No Justice for the Dead in Bangladesh

Source: The Nation

Months after the Rana Plaza factory disaster, victims’ families have received little to no compensation.

A foreign visitor is never left alone to contemplate the ruins of Rana Plaza. On a searing hot August morning, sorrowful people gathered with fistfuls of documents and pictures, jostling for my attention. They were desperate for some acknowledgment of the daughter, son, wife or husband they had lost when the eight-story factory building pancaked on April 24, crushing more than 1,100 people—most of them garment workers filling orders for Western brands. As the crowd swelled around me, faint pleas became full-throated demands, and I soon found myself backed against the barbed wire fence that fronts the disaster site, now a pool of dark water. My only way out was to write down the name and phone number of each and every person, with a vague assurance that something would be done.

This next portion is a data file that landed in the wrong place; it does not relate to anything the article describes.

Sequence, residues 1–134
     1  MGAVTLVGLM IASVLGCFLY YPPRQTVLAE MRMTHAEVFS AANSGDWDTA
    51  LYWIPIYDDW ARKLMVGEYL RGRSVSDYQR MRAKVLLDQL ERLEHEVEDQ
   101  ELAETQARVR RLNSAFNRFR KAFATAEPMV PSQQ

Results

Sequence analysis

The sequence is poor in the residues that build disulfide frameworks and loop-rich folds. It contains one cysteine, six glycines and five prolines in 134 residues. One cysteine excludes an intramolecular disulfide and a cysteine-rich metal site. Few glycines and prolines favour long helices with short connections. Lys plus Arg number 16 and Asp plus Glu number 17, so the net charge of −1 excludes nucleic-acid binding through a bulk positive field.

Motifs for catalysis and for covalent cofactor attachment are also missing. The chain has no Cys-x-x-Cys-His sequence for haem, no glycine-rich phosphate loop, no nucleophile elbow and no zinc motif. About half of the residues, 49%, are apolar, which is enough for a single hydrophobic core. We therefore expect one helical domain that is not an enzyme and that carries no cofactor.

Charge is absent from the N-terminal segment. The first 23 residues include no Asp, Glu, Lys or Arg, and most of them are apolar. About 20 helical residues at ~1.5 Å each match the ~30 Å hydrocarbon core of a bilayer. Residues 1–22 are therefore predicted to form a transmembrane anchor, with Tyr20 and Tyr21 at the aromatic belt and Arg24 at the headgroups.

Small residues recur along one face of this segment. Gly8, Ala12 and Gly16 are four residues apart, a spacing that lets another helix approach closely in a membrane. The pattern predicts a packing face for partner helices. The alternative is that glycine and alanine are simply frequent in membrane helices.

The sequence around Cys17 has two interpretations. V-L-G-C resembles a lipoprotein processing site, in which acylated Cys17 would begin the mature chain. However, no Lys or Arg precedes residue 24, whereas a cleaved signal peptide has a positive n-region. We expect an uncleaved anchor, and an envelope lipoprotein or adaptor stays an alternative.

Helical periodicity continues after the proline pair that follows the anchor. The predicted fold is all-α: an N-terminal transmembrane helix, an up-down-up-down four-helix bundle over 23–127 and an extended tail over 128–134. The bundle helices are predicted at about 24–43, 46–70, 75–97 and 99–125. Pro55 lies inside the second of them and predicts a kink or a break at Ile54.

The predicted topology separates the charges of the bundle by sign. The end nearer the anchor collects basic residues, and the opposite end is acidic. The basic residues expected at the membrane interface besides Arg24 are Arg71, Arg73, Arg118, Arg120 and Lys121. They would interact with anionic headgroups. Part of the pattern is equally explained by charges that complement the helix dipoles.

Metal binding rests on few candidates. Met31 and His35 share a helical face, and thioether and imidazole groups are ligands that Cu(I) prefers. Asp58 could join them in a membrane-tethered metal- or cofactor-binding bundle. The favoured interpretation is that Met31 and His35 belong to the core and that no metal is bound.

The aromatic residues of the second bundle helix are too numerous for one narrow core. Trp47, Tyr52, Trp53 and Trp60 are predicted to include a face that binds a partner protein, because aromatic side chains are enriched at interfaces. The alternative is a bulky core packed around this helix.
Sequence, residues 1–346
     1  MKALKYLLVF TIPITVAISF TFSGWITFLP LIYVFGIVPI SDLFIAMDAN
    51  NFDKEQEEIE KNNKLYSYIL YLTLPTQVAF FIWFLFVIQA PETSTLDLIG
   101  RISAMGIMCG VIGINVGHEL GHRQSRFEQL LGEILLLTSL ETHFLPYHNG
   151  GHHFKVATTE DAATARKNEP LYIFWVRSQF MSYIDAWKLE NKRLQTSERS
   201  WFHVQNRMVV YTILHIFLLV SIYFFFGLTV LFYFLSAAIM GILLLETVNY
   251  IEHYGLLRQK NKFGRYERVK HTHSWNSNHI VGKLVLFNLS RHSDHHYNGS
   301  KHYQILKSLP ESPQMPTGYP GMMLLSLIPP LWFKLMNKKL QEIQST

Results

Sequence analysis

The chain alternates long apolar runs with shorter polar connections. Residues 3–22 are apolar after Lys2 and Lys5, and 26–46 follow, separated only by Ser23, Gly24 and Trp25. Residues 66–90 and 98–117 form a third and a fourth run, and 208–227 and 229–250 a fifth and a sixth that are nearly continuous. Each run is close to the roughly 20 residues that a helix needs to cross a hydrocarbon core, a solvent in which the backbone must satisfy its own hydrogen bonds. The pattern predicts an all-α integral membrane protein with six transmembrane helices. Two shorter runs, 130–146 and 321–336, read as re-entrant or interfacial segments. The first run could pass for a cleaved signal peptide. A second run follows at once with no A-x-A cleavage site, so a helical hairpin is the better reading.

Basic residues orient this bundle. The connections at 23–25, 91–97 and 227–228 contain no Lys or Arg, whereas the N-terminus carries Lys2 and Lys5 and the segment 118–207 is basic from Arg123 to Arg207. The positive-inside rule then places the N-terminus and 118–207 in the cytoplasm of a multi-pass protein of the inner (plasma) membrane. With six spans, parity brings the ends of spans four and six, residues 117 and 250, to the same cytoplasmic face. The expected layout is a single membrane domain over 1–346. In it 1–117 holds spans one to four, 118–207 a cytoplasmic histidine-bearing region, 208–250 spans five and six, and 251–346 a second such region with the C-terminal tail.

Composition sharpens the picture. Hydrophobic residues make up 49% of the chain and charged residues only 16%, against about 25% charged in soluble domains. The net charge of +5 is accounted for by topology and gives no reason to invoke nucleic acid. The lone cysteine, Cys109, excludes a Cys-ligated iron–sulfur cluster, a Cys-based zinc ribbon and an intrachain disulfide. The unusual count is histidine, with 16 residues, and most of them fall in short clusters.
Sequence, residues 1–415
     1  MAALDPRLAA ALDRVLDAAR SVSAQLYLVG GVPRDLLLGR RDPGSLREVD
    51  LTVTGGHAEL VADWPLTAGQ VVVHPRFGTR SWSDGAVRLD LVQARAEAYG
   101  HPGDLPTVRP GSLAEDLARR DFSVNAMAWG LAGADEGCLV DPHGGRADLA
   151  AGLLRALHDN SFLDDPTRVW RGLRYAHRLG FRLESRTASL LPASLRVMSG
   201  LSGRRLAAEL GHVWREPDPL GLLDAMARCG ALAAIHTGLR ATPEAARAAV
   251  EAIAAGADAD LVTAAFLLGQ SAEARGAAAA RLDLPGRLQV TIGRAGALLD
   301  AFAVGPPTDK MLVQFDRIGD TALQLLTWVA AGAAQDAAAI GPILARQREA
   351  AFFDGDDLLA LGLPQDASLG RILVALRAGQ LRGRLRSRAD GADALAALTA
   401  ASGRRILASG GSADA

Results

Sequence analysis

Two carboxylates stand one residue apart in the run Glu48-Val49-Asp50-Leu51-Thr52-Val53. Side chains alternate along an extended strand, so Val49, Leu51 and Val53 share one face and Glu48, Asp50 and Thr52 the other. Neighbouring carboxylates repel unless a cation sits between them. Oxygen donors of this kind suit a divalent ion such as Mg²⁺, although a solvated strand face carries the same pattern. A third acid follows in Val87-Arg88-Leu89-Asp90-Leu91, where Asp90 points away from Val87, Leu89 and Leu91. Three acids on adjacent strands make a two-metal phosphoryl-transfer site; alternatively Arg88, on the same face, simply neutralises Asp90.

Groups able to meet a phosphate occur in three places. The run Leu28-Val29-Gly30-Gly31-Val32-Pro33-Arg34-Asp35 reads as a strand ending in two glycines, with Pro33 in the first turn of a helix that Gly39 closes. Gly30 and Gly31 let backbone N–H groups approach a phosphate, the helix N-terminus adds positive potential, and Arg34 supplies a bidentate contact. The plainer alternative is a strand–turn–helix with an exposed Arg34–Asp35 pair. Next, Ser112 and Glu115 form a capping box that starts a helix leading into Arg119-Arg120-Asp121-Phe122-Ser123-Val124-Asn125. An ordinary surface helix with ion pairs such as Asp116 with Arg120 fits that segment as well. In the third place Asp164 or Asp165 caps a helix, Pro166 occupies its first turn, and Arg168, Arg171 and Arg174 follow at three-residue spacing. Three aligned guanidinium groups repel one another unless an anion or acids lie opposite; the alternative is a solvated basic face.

One woman, Rashida Begum, kept her distance. She wore a bright-orange sari and clutched a laminated picture against her chest. “My daughter,” she said when I approached. Her name was Nasima; she was 16 years old and had earned $110 a month sewing pants for New Wave Bottoms. The day before the accident, Nasima and her fellow workers had been sent home early when huge cracks were spotted in the walls. Her mother said Nasima was so scared that she couldn’t eat, but as the family breadwinner, she had little choice but to return to work when her bosses ordered her back. She didn’t want to lose her job.

Now in dire need of financial help, Rashida returns to the site with the hope that someone may be there to offer answers. Some days, she rides a bus to Dhaka from her home in Savar to join the protesters rallying for compensation in front of the downtown headquarters of the Bangladesh Garment Manufacturers Exporters Association (BGMEA), the powerful trade body that represents the $20 billion-a-year industry. A black banner out front reads: We Will Not Forget You. But Rashida has little chance of being compensated. Because Nasima’s body wasn’t recovered intact, she lacks proof that her daughter was among the dead. So she goes home empty-handed.

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